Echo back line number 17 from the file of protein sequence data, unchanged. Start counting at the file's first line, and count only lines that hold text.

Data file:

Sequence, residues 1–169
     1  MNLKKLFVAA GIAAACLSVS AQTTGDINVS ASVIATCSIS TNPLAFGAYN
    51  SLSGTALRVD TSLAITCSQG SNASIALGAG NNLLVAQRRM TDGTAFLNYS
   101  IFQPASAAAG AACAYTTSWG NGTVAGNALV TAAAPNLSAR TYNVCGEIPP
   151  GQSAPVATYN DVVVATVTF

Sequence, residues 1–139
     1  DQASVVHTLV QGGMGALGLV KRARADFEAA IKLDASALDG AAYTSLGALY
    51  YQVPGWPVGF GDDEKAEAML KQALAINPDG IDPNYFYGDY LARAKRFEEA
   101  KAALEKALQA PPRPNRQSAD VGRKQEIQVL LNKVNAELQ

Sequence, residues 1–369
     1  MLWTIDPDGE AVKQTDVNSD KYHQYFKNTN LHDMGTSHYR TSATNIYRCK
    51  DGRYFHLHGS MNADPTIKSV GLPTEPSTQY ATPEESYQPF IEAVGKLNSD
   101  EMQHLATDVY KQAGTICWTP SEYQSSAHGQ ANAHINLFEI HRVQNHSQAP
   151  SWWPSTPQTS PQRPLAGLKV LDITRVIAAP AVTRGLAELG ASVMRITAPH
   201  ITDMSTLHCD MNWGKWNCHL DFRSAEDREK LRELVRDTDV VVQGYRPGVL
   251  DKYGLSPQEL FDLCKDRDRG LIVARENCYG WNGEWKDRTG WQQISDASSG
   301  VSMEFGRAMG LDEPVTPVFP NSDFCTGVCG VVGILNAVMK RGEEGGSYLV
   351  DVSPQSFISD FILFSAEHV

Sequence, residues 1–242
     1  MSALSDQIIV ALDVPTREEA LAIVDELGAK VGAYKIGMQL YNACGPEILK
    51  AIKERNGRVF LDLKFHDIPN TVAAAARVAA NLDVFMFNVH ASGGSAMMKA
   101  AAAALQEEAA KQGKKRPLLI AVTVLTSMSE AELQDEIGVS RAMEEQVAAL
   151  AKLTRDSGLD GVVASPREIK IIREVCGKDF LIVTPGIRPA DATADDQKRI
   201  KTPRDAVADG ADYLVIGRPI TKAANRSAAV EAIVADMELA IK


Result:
   301  VSMEFGRAMG LDEPVTPVFP NSDFCTGVCG VVGILNAVMK RGEEGGSYLV